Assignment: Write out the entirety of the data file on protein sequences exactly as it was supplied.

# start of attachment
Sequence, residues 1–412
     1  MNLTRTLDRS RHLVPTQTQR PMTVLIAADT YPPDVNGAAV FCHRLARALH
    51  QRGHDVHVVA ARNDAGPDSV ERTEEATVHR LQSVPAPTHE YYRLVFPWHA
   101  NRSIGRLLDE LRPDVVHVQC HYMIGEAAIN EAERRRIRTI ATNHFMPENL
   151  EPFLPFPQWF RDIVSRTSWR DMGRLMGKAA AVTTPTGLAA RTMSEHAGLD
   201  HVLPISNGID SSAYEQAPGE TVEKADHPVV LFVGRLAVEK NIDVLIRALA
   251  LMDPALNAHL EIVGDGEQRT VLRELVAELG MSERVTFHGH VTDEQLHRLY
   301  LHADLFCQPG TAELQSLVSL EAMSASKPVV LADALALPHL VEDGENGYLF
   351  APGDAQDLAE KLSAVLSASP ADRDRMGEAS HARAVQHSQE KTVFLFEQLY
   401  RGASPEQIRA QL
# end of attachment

Sequence, residues 1–412
     1  MNLTRTLDRS RHLVPTQTQR PMTVLIAADT YPPDVNGAAV FCHRLARALH
    51  QRGHDVHVVA ARNDAGPDSV ERTEEATVHR LQSVPAPTHE YYRLVFPWHA
   101  NRSIGRLLDE LRPDVVHVQC HYMIGEAAIN EAERRRIRTI ATNHFMPENL
   151  EPFLPFPQWF RDIVSRTSWR DMGRLMGKAA AVTTPTGLAA RTMSEHAGLD
   201  HVLPISNGID SSAYEQAPGE TVEKADHPVV LFVGRLAVEK NIDVLIRALA
   251  LMDPALNAHL EIVGDGEQRT VLRELVAELG MSERVTFHGH VTDEQLHRLY
   301  LHADLFCQPG TAELQSLVSL EAMSASKPVV LADALALPHL VEDGENGYLF
   351  APGDAQDLAE KLSAVLSASP ADRDRMGEAS HARAVQHSQE KTVFLFEQLY
   401  RGASPEQIRA QL